VERO BEACH, Fla. — So much of what was held sacred for generations had been lost.
The Dodger family.
The famed Dodger way.
Through the mostly mediocre, sometimes sad and occasionally embarrassing ownership runs of the Fox Group and the McCourts, from March 1998 until May 2012, too much of what made the Brooklyn and then Los Angeles Dodgers one of the truly special organizations in American sport was abandoned, forgotten, almost mocked for being so corny and outdated.
And throughout those 14 years, the Dodgers eroded into just another major league franchise.
Then last spring, Magic-ally, everything changed.
With Frank McCourt and his ex-wife still publicly haggling over their divorce settlement, and with commissioner Bud Selig pressuring the owner to sell the team to prevent further humiliation, former Los Angeles Lakers star Magic Johnson showed up with longtime baseball executive Stan Kasten and a group of investors willing to pay $2 billion to purchase the franchise and its properties and reclaim the Dodgers once-lofty standing in the community, in the game, in sports.
“One of the things the new ownership has done is commit to embracing the history of the ballclub,” Dodgers broadcaster and former player Rick Monday was saying Tuesday from his home here, in this seaside town that for 61 years was the team’s spring-training headquarters. “They fully understand that tradition is important, character is important and how you do things is important. And they’ve started bringing people back into the fold, as coaches and consultants and advisors, even as ambassadors.
“They’ve reached out to people who know the Dodger tradition, who’ve been a part of it, who can share what it was and what it meant to be a Dodger.”
This week, they reached out to Hall of Fame pitcher Sandy Koufax, the longtime Vero Beach resident who, at age 77, has agreed to serve as a “special advisor” to Dodgers chairman Mark Walter, attend a portion of spring training to work with the team’s pitchers and consult with ownership and management throughout the year.
“The Dodgers are thrilled to have Sandy back with the organization,” Kasten, the team’s president and CEO, said in a prepared statement released Tuesday morning. “Sandy’s experience and perspective will be invaluable as we endeavor to do everything in our power to bring the city of Los Angeles a World Series champion.”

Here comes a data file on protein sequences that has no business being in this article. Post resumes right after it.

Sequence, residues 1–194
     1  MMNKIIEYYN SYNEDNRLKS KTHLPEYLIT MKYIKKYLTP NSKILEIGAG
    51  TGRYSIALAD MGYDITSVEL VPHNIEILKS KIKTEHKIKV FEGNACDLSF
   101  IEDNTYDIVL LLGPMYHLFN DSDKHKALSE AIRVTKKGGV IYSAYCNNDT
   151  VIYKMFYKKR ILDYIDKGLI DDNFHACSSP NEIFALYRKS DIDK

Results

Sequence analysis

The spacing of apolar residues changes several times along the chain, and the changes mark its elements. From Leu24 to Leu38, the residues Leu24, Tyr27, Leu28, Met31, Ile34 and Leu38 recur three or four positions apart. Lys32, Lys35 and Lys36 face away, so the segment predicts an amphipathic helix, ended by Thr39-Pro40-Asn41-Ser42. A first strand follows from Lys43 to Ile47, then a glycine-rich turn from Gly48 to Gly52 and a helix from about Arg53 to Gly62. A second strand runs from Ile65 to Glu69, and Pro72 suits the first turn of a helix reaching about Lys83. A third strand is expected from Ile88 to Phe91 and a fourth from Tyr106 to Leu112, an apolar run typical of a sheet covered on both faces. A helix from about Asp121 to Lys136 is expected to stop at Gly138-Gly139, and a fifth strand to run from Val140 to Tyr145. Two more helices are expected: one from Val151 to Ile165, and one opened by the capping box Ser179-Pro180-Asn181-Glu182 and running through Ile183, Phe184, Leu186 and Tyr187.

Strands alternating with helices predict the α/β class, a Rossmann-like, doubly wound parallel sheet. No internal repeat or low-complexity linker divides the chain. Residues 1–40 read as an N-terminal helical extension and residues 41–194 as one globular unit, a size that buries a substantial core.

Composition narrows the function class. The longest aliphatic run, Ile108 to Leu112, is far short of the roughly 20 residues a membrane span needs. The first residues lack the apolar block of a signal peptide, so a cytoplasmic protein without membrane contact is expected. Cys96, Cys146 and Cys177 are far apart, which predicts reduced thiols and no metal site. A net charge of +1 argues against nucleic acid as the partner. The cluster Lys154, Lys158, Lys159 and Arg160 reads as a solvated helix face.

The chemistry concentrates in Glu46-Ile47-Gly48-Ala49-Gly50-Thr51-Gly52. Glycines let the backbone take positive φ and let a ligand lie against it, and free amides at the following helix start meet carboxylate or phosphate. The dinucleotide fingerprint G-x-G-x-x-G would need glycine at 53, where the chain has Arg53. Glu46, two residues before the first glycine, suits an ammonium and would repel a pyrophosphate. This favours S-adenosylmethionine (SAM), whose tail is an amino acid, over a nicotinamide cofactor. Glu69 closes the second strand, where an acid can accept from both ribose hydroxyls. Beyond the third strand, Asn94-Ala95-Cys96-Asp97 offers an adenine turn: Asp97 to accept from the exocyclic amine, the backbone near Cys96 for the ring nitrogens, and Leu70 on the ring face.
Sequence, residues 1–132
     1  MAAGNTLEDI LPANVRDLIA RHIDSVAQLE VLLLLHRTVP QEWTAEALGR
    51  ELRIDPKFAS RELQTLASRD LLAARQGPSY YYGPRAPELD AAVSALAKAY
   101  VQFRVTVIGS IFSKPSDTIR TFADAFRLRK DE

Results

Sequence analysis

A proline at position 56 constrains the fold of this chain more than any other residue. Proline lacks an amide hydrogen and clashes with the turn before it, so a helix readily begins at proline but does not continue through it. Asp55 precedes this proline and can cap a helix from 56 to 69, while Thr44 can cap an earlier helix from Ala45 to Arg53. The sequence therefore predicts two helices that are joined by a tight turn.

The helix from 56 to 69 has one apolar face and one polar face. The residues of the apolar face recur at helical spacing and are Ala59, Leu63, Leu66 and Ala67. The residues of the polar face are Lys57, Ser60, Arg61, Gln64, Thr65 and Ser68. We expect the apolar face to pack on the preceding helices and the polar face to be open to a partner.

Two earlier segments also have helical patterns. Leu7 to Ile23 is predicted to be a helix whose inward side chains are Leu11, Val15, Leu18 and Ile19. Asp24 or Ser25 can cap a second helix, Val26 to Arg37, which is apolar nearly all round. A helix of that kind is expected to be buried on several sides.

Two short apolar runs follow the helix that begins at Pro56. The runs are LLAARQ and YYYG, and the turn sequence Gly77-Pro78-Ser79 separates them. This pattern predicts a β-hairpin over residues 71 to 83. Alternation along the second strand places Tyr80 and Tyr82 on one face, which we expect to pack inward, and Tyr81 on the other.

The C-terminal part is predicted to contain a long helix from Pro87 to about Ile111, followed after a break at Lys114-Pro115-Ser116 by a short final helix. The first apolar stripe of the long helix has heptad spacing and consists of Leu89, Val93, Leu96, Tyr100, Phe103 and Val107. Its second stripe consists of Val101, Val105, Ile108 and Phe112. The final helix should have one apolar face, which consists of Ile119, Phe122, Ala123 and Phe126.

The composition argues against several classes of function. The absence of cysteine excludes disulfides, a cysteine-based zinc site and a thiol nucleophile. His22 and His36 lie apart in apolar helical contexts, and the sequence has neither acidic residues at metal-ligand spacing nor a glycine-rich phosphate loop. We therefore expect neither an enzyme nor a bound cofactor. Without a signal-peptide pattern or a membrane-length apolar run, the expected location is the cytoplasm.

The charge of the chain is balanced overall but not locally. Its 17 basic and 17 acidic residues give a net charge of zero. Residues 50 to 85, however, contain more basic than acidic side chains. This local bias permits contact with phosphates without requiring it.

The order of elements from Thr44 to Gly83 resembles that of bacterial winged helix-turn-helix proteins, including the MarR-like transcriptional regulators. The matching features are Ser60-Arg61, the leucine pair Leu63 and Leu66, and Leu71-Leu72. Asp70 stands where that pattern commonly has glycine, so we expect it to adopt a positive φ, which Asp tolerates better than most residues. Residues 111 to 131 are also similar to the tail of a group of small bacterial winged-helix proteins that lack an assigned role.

Dodgers GM Ned Colletti said all players, especially young pitchers, will be encouraged to “tap Sandy’s expertise and counsel during spring training and throughout the season.”
As for Koufax, a three-time Cy Young Award winner who pitched four no-hitters (one perfect game) and led the National League in ERA from 1962-66, he said in the statement that he’s “delighted to be back with the Dodgers” and is eager to “contribute any way I can,” adding, “Some of my most cherished memories came at Dodger Stadium.”
Monday said bringing back an iconic figure such as Koufax, arguably the greatest pitcher in baseball history, is another example of the ownership’s commitment to reconnecting with the past as the franchise strives to restore its lost glory.
The Dodgers owners, who already have spent millions of dollars to add punch to the team’s lineup and pitching staff, also committed to spending $100 million this offseason to give aged Dodger Stadium a much-needed facelift. On the nostalgia side, the owners will spring for more bobble-head nights honoring past greats. And an Old Timers Game is scheduled for June.
They’re making an effort.
“I don’t know how much of the Dodger tradition was lost along the way, but it did become different,” Monday said. “The new owners want to get back what was lost. These guys aren’t just owners. They’re passionate about the Dodgers.”
About Dodger pride.
About the Dodger family.
About the famed Dodger way.
Unfortunately, their passion has limits: Nobody has said anything about returning to Dodgertown.
Not literally, anyway.
“All of the photographs that were at Dodgertown -- in the residences, in the dining room, in the hallways and lounge area -- they weren’t just pictures of baseball players,” Monday said, wistfully. “They were special moments in time that were captured on film.”
The Dodgers took most of those photographs with them when McCourt moved the team’s spring-training complex to the Arizona desert, and so much of what was held sacred for generations was lost.
But, hey, we still have Koufax, who belongs as much to Vero Beach as he does to the Dodgers.
And that’s special, too.